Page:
#10. Because they are being persecuted. Hence, the name, “Persecuted” Christians. We don’t use it lightly. We are not speaking of inconveniences, perceived offenses, hurt feelings (such as the type that have caused the United Nations to attempt to control the whole world on certain issues of blasphemy and incitement), or even issues that are preceded by trigger warnings on American college campuses. We are talking about arrest and imprisonment, physical torture, deprivation, starvation, beatings, enslavement, gang rape, disemboweling, dismemberment, and death.
#9. Because while it is true that the blood of the martyrs is the seed of the Church, it is also true that unabated persecution can actually eradicate Christian communities. The most glaring example of this is emptying of the Middle East of Christians, particularly in Iraq and Syria. But it is also happening in places like the northern and central belt states of Nigeria, where both Boko Haram and Fulani jihadists are attempting to wipe out the Christian population.
#8. Because believers under persecution frequently do not have access to Bibles, or have the chance to grow and be disciple. Therefore, they can be led into heretical doctrines and cults. So it is not enough to pray for our fellow Christians to be delivered from or within their suffering. We should pray for their spiritual growth, as well.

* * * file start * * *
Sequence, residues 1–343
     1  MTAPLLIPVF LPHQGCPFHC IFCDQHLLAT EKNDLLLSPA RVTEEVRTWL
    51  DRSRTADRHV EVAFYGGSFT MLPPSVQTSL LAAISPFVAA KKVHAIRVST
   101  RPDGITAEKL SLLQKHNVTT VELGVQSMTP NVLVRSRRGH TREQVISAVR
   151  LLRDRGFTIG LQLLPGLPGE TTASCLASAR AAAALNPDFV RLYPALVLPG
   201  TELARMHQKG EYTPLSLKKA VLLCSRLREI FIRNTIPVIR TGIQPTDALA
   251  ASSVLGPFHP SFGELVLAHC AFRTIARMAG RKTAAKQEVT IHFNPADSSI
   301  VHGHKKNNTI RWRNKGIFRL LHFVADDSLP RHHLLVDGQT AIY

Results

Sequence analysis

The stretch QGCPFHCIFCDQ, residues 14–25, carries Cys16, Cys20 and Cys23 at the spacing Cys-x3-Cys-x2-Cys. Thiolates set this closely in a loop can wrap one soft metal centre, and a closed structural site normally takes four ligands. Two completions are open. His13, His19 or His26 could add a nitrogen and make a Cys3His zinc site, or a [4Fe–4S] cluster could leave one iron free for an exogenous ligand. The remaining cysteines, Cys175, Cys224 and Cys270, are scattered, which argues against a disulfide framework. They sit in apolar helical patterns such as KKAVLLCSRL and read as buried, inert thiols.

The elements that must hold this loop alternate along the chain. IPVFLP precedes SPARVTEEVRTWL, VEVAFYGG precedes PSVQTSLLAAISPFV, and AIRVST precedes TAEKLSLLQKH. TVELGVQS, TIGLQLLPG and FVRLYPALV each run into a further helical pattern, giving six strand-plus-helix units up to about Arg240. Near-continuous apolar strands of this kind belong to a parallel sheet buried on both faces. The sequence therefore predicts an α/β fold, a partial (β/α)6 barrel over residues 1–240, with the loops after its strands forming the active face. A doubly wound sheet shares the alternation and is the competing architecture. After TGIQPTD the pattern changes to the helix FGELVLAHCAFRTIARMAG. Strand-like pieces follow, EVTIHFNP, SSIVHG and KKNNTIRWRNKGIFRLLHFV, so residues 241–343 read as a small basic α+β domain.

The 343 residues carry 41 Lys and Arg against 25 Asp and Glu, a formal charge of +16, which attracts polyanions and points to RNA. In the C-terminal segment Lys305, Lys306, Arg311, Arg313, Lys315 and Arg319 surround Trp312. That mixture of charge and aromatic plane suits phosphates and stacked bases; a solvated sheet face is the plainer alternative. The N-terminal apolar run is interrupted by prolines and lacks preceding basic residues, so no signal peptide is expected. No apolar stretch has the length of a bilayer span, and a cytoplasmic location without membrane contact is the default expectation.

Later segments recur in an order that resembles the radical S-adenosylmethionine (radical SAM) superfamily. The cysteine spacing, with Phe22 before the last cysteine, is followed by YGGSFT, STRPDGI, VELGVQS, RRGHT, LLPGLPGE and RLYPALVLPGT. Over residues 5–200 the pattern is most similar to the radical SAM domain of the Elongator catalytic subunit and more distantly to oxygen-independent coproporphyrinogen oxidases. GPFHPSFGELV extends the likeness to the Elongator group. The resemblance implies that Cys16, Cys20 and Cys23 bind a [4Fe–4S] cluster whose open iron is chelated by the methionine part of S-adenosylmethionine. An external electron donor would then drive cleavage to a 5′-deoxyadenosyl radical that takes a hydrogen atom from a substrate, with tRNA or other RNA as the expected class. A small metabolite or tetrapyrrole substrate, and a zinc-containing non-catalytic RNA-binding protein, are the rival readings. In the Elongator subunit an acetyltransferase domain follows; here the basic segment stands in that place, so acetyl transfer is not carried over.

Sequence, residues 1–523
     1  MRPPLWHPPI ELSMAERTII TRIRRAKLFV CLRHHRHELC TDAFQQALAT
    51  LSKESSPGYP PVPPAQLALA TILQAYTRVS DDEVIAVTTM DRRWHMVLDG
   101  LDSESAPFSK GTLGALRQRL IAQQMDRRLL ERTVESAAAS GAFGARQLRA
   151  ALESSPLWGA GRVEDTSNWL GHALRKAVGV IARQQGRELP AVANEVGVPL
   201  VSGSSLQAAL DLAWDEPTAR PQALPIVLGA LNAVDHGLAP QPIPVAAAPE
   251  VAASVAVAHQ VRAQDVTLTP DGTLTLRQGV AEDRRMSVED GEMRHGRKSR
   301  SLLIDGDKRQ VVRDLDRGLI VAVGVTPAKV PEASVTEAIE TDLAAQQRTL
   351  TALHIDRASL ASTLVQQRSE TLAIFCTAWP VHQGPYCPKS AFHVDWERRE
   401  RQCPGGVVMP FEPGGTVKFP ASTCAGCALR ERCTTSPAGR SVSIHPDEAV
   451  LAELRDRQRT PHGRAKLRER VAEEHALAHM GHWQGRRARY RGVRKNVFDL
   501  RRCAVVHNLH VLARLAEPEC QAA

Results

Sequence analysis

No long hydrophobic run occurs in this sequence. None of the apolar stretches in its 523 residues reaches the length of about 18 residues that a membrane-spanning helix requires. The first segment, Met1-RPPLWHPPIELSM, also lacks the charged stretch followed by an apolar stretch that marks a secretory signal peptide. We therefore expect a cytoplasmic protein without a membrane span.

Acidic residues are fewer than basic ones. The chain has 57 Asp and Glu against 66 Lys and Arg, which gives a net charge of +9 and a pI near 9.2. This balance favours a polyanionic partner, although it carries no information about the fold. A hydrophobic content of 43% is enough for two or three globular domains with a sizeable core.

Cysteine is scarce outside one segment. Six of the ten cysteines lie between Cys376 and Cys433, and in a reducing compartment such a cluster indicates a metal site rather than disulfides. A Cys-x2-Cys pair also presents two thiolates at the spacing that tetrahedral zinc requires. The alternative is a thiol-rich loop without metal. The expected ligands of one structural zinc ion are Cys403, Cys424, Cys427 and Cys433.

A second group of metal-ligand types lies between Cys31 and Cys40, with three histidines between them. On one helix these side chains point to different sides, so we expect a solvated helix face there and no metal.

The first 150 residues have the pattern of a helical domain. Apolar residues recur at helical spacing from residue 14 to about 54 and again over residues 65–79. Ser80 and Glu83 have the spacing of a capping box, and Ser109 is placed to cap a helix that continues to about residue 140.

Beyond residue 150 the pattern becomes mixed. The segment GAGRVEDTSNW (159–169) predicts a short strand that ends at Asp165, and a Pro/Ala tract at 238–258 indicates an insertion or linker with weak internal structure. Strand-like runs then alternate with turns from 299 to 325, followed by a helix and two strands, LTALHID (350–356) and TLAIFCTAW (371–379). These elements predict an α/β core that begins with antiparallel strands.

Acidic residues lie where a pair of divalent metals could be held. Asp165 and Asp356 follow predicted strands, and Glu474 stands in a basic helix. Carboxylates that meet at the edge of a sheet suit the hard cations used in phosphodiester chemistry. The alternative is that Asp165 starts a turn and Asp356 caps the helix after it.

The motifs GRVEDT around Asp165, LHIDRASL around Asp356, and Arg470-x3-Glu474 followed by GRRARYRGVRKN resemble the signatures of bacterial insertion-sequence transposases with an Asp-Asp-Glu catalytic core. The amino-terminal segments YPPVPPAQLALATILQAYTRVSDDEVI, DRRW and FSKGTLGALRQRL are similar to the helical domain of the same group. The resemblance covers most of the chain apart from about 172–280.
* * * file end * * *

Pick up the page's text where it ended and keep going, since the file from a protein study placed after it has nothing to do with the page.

#7. Because they are our family — our brothers and sisters in Christ. For just as the body is one and has many members, and all the members of the body, though many, are one body, so it is with Christ. (1 Corinthians 12: 12); If one member suffers, all suffer together. If one member is honored, all rejoice together. (12: 26); Therefore, as we have opportunity, let us do good to all people, especially to those who belong to the family of believers. (Galatians 6: 10); and so on.
#6. Because they ask us to pray for them. You’ve probably heard it before. The first, and sometimes only, thing that persecuted believers ask for when they have the opportunity is please pray for us. And it’s not like pray that God will save us from this persecution! (although I still do pray for that!). It’s pray that we will be faithful and bring glory to God as we are being persecuted. The second thing they ask for? Bibles. It is nice, when you are going through the fires of persecution, to know that your fellow believers have not forgotten you, and that they care.